Saint Thomas Aquinas' Five Proofs for the Existence of God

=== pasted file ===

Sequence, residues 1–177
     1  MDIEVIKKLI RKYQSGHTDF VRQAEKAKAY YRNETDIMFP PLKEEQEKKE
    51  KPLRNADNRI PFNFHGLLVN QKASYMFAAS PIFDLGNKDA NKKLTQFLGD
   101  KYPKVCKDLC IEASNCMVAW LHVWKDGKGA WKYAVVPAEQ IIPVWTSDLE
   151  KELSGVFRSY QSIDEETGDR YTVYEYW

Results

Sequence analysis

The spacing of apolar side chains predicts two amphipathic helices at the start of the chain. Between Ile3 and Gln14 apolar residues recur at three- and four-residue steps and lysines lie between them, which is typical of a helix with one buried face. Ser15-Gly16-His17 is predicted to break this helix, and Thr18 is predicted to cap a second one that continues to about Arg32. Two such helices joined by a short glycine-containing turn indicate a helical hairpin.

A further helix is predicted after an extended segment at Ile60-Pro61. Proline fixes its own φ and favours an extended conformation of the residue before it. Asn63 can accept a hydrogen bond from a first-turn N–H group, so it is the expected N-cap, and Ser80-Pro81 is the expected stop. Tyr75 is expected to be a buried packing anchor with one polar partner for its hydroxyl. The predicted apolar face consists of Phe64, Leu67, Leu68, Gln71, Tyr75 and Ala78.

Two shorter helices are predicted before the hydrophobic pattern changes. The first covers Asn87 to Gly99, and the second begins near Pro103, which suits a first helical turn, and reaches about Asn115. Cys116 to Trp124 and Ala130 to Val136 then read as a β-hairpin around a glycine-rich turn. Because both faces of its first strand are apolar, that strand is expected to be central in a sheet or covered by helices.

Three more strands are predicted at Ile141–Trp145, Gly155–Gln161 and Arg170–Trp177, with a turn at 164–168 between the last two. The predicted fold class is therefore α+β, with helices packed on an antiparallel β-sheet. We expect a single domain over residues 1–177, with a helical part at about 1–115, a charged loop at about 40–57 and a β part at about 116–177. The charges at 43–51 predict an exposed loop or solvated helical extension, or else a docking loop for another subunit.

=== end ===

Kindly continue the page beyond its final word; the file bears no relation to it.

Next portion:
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Saint Thomas Aquinas' Five Proofs for the Existence of God Scientific reasoning has brought humanity to incredibly high levels of sophistication in all realms of knowledge. For Saint Thomas Aquinas, his passion involved the scientific reasoning of God. The existence, simplicity and will of God are simply a few topics which Aquinas explores in the Summa Theologica. Through arguments entailing these particular topics, Aquinas forms an argument that God has the ability of knowing and willing this particular world of contingent beings. The contrasting nature of necessary beings and contingent beings is at the heart of this debate. Aquinas sets up this argument in his discussion of whether or not God exists. His five proofs set up the framework for much of his later writings in the Summa Theologica. As with the five proofs in their entirety, most of Aquinas’ reasoning stems from the third proof concerning the existence of God. The first two proofs lead to the third’s conclusion that God is "esse a se", or to be of itself. From this conclusion of God as an infinite being, Aquinas moves to the third question, concerning the simplicity of God. In article four of question three, Aquinas determines that God is ultimately simple in that his essence does not differ from his being. He writes, "Therefore, since in God there is no potentiality, it follows that in Him essence does not differ from being. Therefore, His essence is His being." God is an unchanging, infinite being. There is no conceivable way in which he could have parts, such as a separate being and a separate essence. From these proofs and others, Aquinas determines that God is an all knowing, perfectly good, perfectly powerful being. Moving back to the third proof of the existence of God, Aquinas determines that God is the ultimate being and that his existence precludes the existence of contingent beings. The notion entails the idea that without infinity, finite beings would not exist. Aquinas also addresses the issue of the simplicity of God. From a series of logical steps, he concludes that God is altogether simple. He says, God is "neither a composition of quantitative parts, since He is not a body; nor composition of form and matter; nor does his nature differ from his suppositum." It only makes logical sense that God, not existing in any physical sense, could not have physica... ... middle of paper ... ...sary and contingent beings. Evil is not a consequence of the will of God rather it is a lack of good. Aquinas also says that evil in the world is unavoidable. In Question 2, article 3, Aquinas says that God allows evil in order to produce good out of the existence of evil. The existence of evil in the world is indirect. Also, it would seem that God, being all powerful, could eliminate evil in the world but this has not happened. Aquinas reasons this out by discussing the two types of evil, natural and moral. For example, a person dying is often the result of natural events in the community and this person’s death opens up resources for others who are still alive. The sense of competition in this world adds a sense of necessity to death. There cannot be life without death. This is a similar situation to evil, in that good cannot exist without evil. Natural rules and laws are put into place to make this world, one in which God willed a sense of morals, exist, so natural evil and suffering must exist. With free will, there must be choice. Therefore, evil must exist because human beings make the wrong choices. We are not perfectly good. Things like temptation are part of who we are.

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